Grilled Corn, on and Off the Cob

Grilled Corn, On and Off the Cob

Sweet corn plus smoky char equals the best corn you’ll ever eat. Here’s how to grill corn on the cob, plus 15 ways to dive in.

I distinctly remember the first time I ever ate grilled corn on the cob. I was in my thirties, which still makes me sad to think about. All those years I could’ve been enjoying one of the best things about summer… Anyway. My then-boyfriend, now-husband and I were at a barbecue thrown by a guy who’d grown up in Elgin, Texas, which is home to some of the best sausages you’ll ever eat. Once a year, this guy got a shipment of hundreds of links plus ribs and other porky Elgin eats, and threw a massive party. The other guests were going bananas for the meat, but me? I swooned over the corn.

I’d never eaten anything that so perfectly combined sweetness, juiciness, and char. If I’m not mistaken, I polished off three ears of corn that day. And in the years since, I’ve eaten dozens (and dozens) more. Once fresh corn comes into season, my family is cooking corn at the grill two or three times a week, and we keep going until the last ears are harvested.

Jump ahead to:

How to grill corn >>

Grilled corn recipes on the cob >>

Grilled corn recipes off the cob: apps, sides, and snacks >>

Grilled corn main dishes >>


How to grill corn

There are several ways to grill corn on the cob. In order of my preference, here are three basic methods and how long to grill corn.

1. In the husk. If you’re looking for the sweet/juicy/charred combo, as I usually am, grilled corn with husks delivers perfect results. Peel back the corn husks but leave them attached at the bottom. (It’s OK if some break away, as long as you’ve got enough for at least one layer all around.) Pull off and remove silks, then fold the husks back up. I like to tear a thin strip of husk and tie it around the top of the corn to hold the husks closed, but it’s not strictly necessary. You’ll see some folks recommend soaking the corn in cold water before throwing it on the grill, but I find that’s not necessary, either. Prepare your grill for high heat and place the ears directly on the grates. Close the grill and let it cook, turning every few minutes, until the husks are charred all around and the corn is bright yellow. It should take around 15 minutes total time. To eat, peel back the husks and use as a handle — messy, but fun.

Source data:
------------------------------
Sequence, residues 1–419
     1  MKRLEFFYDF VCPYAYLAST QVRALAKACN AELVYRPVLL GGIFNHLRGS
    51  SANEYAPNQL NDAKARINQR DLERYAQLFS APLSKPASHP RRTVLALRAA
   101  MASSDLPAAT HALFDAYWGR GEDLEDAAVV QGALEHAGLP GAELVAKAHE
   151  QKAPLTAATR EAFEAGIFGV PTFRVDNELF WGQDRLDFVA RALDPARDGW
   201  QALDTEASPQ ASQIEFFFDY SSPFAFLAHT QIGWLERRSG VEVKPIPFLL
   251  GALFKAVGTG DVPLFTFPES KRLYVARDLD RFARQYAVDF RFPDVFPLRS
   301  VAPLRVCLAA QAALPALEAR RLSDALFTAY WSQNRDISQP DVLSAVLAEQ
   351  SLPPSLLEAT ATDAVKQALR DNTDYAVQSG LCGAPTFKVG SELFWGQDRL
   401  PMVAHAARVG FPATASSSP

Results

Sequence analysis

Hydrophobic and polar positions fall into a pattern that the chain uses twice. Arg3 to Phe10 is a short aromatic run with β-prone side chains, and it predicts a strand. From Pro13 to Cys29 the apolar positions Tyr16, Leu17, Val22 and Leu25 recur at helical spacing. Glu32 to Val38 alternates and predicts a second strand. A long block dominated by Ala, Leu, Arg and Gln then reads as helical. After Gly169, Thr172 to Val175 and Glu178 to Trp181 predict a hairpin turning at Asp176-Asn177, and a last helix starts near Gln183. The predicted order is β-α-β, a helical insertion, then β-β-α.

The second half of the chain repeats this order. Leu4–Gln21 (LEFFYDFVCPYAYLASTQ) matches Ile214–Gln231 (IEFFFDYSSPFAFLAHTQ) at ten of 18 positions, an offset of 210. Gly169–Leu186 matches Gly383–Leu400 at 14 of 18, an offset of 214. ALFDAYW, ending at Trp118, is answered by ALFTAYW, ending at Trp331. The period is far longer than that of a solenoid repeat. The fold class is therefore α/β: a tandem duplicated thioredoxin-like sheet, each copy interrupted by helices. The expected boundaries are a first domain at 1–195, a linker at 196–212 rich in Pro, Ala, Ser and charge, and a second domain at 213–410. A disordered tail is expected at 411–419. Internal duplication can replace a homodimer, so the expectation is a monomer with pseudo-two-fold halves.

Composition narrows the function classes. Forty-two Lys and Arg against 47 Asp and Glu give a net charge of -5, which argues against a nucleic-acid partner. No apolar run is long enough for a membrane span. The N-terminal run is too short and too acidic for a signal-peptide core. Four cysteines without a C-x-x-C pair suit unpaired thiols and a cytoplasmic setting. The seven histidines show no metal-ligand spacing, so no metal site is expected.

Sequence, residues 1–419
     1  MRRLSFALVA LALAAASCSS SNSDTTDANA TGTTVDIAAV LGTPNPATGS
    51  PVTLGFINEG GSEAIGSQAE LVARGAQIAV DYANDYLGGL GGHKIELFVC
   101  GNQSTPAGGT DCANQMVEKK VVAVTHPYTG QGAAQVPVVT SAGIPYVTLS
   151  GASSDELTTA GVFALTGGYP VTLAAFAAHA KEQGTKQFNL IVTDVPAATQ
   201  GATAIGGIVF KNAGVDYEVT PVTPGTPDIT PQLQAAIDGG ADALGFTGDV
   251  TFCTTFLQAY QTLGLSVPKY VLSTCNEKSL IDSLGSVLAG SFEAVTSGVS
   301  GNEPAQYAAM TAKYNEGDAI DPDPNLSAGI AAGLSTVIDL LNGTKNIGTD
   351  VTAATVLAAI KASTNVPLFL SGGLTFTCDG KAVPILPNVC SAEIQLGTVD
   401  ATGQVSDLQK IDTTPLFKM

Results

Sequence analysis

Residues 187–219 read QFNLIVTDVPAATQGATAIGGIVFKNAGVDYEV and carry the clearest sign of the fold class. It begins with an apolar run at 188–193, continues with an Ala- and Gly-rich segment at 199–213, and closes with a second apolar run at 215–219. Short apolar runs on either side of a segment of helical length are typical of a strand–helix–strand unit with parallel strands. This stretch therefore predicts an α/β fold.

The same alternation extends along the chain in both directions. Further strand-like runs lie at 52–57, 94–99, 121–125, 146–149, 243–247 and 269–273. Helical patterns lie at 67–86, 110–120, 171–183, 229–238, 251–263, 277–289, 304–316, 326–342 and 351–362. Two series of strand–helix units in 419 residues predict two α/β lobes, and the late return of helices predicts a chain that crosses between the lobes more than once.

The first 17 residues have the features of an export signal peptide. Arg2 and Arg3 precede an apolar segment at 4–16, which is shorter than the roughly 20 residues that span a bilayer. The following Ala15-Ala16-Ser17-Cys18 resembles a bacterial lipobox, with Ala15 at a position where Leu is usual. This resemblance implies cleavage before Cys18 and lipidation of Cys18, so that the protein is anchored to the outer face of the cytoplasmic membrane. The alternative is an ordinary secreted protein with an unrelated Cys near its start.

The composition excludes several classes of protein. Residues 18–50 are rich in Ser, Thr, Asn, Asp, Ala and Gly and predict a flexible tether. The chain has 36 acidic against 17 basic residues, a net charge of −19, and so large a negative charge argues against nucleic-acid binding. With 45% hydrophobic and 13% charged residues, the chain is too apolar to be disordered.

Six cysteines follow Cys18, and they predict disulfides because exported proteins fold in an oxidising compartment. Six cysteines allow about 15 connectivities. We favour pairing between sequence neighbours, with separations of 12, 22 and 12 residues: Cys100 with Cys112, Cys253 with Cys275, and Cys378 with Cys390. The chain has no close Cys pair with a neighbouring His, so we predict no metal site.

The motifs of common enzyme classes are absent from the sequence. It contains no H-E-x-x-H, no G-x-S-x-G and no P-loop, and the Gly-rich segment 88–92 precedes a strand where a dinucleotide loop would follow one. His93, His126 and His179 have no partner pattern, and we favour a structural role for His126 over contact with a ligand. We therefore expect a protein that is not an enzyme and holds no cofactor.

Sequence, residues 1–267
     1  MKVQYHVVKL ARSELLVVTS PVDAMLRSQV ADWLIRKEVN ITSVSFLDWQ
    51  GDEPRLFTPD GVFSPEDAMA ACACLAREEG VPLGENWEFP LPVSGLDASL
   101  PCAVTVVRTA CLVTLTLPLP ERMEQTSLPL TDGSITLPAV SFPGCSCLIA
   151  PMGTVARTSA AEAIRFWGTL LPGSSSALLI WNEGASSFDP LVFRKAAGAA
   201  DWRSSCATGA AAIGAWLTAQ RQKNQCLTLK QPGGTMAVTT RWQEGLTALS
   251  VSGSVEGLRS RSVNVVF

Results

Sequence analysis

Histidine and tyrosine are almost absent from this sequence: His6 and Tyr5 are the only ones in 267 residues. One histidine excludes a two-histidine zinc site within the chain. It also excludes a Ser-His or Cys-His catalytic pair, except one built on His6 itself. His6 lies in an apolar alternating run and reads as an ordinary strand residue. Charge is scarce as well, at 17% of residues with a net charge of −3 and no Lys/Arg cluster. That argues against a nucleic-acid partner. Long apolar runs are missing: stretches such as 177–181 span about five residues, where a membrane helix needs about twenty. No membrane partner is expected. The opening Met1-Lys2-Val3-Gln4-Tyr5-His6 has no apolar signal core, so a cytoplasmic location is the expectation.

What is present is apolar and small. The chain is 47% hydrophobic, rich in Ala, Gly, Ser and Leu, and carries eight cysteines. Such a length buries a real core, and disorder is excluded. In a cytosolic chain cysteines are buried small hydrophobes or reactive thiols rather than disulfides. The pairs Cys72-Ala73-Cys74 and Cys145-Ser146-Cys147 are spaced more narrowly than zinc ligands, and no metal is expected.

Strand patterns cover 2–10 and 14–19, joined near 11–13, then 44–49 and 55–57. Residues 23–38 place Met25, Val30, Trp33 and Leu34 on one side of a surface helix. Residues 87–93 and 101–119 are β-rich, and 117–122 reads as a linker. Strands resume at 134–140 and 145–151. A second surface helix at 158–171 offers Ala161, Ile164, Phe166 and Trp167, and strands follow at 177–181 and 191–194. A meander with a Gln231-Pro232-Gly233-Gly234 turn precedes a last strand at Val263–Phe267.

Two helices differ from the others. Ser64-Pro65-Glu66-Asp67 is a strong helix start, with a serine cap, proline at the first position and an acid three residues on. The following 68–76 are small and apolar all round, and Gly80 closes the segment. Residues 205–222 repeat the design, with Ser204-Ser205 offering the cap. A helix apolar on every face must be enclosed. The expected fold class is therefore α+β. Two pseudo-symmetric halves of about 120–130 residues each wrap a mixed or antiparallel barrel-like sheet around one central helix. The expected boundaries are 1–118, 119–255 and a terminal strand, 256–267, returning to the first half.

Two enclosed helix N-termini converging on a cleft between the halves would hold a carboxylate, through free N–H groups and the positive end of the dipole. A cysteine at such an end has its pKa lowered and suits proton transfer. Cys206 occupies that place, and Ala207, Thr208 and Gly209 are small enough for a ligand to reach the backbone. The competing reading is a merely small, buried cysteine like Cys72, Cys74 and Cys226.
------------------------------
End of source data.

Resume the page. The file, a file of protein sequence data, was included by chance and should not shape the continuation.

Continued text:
2. Naked on the grill. For those who want serious char, grilled corn without husks is the way to go. The corn dries out a little more, but those smoky kernels are mighty delicious. Prepare a hot grill. Shuck (remove husks) from the corn completely and place the corn on the grates. Cook as above, until you’ve got some browning on the corn, but it’ll only take about 10 minutes.

3. Shucked, in foil. Foil-grilled corn on the cob offers the least smoky flavor, but it allows you to add seasoning before grilling the corn. Prepare the grill for high heat. Shuck corn and add butter, olive oil, kosher salt, herbs, spices — whatever you like — then wrap each ear in aluminum foil. Place on the grill and cook as above for about 15 minutes.

Now that you know how to grill corn, let’s talk about how to use it.


Grilled corn recipes on the cob

When I’m serving corn as a side, I often grill it up and add nothing but butter and salt. But sometimes I want to boost the flavor even more — that’s when I turn to different kinds of seasoning.

Mexican Street Corn (Elote) 

I may be new(ish) to grilled corn, but in Mexico it’s old-school, sold by street vendors. This homestyle version has you take naked ears off the grill, smoky and hot, and coat them in lime-scented mayonnaise, chili powder, and crumbled cotija (or Parmesan) cheese.

Honey Sriracha Butter Grilled Corn

Buttery, sweet, and slightly spicy pretty much describes my ideal ear of corn. To make this alluring side, you melt together butter, honey, sriracha, and garlic. Brush it on naked ears and grill, basting with more of that fantastic butter as you go. Serve it with a squeeze of lemon juice for contrast.

Buffalo Grilled Corn

We all know somebody who devours Buffalo wings by the dozen. Giving grilled corn the same treatment is sure to make them happy. Here you char naked ears, then toss with a sauce made of mayo, Frank’s Red Hot sauce, blue cheese, and chives. And for serving, you add even more hot sauce, blue cheese, and chives. Nothing like excess, right?

Parmesan Garlic Grilled Corn